Pelvic varicose veins are a fairly difficult condition to diagnose, occurring mainly in women. The point is that there is an abnormal dilation of the vessel wall in a limited area. As a result of such a disease, the blood flow to the gynecological organs is disrupted. This disease is dangerous not only because of the significant decline in quality of life. In the worst case scenario, it can cause childbirth difficulties, miscarriages and thrombosis.
The incidence of such pathological processes is extremely high. However, there is a clear relationship between its prevalence and the age of women. As an example, for seventeen years, this pathology is detected in up to nineteen percent of girls. After the onset of menopause, this number begins to exceed seventy percent. It is worth noting that such a disease is most often accompanied by damage to the veins that supply the ovaries.
Varicose veins in the small pelvis are essentially a violation of the cellular and tissue structure of the vessel wall. It is innate in nature and morphologically manifests itself in a decrease in the number of collagen fibers in the vessel wall. Quite often, this condition develops with changes in the veins in the lower extremities.
There are a number of factors that create favorable conditions for the development of this disease. First, it is weight lifting and low levels of physical activity. Severe pregnancy and childbirth, various traumatic effects of the pelvis may also contribute to the appearance of this pathology. The presence of diseases of the reproductive system also plays a significant role. Examples include uterine gland tissue growth, misalignment, inflammatory and neoplastic lesions, systemic coitus interruptus, and more. It is hypothesized that changes in the endocrine system and irrationally selected oral contraceptives may cause the vessel wall to lose its voice.
The varicose veins of the small pelvis are conditionally divided into two types:
- Vulvar and perineal varieties;
- Variety accompanied by a venous population.
It is worth noting that in the vast majority of cases in these two variants, such diseases occur simultaneously and exacerbate each other.
In addition, the pelvic varicose veins are mild, moderate, and severe depending on the severity. Slightly the lumen of the vessels reaches a diameter of five millimeters. The moderate degree is characterized by vasodilation ranging from six millimeters to one centimeter. Severe grade is found when the diameter of the vascular structures exceeds ten millimeters, and the changes occupy almost all the veins.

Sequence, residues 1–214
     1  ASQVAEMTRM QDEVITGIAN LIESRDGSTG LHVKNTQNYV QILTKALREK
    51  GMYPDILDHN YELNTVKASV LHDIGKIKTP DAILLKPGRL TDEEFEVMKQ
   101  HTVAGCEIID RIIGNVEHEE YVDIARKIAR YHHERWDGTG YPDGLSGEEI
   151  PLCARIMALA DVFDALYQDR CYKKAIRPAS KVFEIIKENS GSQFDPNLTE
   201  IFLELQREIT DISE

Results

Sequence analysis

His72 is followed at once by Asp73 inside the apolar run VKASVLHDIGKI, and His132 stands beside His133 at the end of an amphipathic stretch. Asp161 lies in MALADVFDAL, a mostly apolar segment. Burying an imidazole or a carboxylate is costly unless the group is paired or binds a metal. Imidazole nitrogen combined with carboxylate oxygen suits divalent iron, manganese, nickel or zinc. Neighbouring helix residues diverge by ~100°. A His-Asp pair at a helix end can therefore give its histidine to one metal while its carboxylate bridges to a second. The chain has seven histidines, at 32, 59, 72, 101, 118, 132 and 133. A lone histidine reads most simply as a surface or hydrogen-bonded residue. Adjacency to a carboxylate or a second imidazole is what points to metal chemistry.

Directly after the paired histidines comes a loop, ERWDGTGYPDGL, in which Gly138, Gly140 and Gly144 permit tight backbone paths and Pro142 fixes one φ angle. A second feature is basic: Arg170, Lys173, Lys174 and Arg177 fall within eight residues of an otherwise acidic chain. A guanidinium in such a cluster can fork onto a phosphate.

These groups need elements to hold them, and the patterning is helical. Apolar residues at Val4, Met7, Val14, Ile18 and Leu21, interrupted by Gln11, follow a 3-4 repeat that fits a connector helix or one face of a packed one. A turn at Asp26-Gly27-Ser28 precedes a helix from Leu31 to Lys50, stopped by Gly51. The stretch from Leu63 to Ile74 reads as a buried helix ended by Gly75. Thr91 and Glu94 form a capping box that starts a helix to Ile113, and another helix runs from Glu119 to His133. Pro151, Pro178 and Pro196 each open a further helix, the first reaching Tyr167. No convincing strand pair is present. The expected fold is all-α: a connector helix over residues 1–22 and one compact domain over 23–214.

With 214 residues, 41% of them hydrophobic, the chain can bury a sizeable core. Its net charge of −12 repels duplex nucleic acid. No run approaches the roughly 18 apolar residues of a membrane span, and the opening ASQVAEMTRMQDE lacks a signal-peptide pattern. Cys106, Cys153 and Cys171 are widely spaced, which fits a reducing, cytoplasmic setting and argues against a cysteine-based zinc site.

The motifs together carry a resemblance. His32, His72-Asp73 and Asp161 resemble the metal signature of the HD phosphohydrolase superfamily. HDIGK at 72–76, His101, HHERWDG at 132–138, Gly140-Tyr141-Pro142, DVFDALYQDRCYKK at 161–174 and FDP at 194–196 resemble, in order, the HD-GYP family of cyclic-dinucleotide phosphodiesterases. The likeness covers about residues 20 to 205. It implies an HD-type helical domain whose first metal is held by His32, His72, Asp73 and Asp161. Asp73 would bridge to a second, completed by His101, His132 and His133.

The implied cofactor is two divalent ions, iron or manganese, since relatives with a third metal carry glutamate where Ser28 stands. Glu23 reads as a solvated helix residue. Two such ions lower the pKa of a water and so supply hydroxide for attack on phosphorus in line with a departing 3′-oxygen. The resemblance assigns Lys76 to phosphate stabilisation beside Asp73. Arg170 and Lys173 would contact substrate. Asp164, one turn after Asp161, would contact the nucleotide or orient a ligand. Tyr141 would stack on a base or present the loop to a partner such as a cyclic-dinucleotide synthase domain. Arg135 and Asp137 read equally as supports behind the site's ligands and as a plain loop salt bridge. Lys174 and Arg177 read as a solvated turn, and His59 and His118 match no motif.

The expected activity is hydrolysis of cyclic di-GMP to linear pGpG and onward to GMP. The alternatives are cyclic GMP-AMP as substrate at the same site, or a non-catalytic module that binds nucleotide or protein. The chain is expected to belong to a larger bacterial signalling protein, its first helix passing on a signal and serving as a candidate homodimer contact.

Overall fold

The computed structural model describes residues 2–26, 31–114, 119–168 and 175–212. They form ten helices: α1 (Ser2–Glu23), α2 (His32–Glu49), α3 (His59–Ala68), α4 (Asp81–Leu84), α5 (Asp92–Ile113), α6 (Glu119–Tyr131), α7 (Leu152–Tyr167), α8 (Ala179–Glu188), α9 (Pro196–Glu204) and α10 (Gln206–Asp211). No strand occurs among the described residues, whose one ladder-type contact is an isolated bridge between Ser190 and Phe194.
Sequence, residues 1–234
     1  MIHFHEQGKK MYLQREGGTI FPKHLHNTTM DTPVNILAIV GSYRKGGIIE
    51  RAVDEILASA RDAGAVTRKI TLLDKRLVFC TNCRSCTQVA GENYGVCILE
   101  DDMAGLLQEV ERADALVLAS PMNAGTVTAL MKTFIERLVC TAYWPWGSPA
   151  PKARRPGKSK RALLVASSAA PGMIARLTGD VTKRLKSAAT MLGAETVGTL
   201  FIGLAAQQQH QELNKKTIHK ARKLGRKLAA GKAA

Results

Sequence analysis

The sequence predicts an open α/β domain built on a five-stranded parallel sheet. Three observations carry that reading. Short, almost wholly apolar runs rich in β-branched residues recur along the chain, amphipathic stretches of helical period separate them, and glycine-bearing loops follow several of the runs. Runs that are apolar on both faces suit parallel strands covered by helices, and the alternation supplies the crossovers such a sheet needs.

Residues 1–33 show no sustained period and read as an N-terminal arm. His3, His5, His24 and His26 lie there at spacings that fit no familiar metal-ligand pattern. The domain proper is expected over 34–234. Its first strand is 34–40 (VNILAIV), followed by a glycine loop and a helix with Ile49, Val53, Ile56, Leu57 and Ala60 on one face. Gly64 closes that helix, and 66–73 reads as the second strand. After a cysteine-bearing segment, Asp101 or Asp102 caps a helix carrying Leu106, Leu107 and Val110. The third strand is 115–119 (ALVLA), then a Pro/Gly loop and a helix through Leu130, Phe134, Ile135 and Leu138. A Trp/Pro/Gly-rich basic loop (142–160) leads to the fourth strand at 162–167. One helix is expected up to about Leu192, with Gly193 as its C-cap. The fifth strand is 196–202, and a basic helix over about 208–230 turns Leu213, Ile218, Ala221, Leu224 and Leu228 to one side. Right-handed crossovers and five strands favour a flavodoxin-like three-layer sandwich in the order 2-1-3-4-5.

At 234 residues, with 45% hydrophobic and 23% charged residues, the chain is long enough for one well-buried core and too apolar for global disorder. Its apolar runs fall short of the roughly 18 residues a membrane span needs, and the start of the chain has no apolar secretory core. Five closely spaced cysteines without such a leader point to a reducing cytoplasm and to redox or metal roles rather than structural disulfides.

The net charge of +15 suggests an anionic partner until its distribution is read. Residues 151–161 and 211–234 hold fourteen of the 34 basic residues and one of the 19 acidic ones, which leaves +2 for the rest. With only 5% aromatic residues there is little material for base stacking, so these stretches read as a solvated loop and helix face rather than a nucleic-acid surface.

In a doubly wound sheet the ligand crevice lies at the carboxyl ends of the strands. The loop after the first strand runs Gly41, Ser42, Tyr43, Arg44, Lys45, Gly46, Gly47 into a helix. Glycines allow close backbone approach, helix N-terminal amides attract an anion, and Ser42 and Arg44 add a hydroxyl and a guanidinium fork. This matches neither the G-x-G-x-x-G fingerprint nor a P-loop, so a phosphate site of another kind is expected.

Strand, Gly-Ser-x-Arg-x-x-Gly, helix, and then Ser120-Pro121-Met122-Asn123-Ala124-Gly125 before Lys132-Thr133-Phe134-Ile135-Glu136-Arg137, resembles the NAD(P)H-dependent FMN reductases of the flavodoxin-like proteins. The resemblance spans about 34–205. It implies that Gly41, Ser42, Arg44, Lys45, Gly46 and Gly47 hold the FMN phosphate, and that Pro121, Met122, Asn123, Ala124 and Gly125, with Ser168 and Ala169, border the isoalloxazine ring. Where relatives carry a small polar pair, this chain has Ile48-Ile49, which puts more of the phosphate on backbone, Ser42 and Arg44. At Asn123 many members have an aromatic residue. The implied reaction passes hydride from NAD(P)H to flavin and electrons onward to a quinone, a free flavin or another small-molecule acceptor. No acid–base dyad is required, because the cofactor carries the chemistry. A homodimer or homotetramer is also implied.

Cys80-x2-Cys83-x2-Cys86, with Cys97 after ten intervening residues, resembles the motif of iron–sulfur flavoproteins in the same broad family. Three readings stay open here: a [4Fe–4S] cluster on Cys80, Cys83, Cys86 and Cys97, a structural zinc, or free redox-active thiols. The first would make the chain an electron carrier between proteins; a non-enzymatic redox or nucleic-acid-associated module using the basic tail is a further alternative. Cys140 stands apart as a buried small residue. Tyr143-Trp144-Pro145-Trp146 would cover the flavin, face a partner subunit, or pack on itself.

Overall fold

Symptoms of pelvic varicose veins
The clinical symptoms of this disease vary somewhat depending on the type. With the defeat of the vessels of the vulva and perineum, there are complaints of discomfort and itching in the labia and vagina. There are often curved pains of varying severity. The examination revealed that the external genitalia were edematous. Another characteristic symptom is spontaneous bleeding, which is most often caused by sexual intercourse. Such bleeding is quite difficult to stop.
The most common complication of this type is thrombophlebitis, in which inflammatory lesions develop in the vein wall, accompanied by the formation of thrombotic masses. In this case, symptoms such as severe pain, redness and swelling in the affected area occur. In parallel, the fever increases, reaching subfebrile or febrile values.
Varieties that develop in venous abundance have different clinical manifestations. It is often confused with inflammation of the urinary system, gynecological organs, colon and so on. The most specific symptom is pain. It is localized at the lower level of the abdominal cavity, spreads to other anatomical regions, and is painful in nature. An increase in pain syndrome is most commonly seen after sexual contact, long sitting, or weight lifting. Quite often there are symptoms such as overly painful menstruation and dysuria disorders.
Diagnosis and treatment of the disease
The diagnosis of this disease is based primarily on concomitant clinical manifestations. A full gynecological examination is mandatory. Existing changes in the veins can be detected by Doppler ultrasound and transuterine phlebography. CT scans of the pelvis can also be performed. In the event that the methods listed do not provide the required information or in doubt, diagnostic laparoscopy is used.
Pelvic varicose veins are treated with both conservative and surgical methods. Non-steroidal anti-inflammatory drugs, drugs that improve venous wall tone, antiplatelet agents, and therapeutic practices are used as part of conservative therapy. In severe cases of this disease, surgery is recommended. Minimally invasive methods are most commonly used.
Prevention of pelvic varicose veins
To prevent this pathological process, lifting heavy objects should be avoided, a high level of physical activity should be maintained, a full sex life should be pursued, and a healthy lifestyle should be followed in general.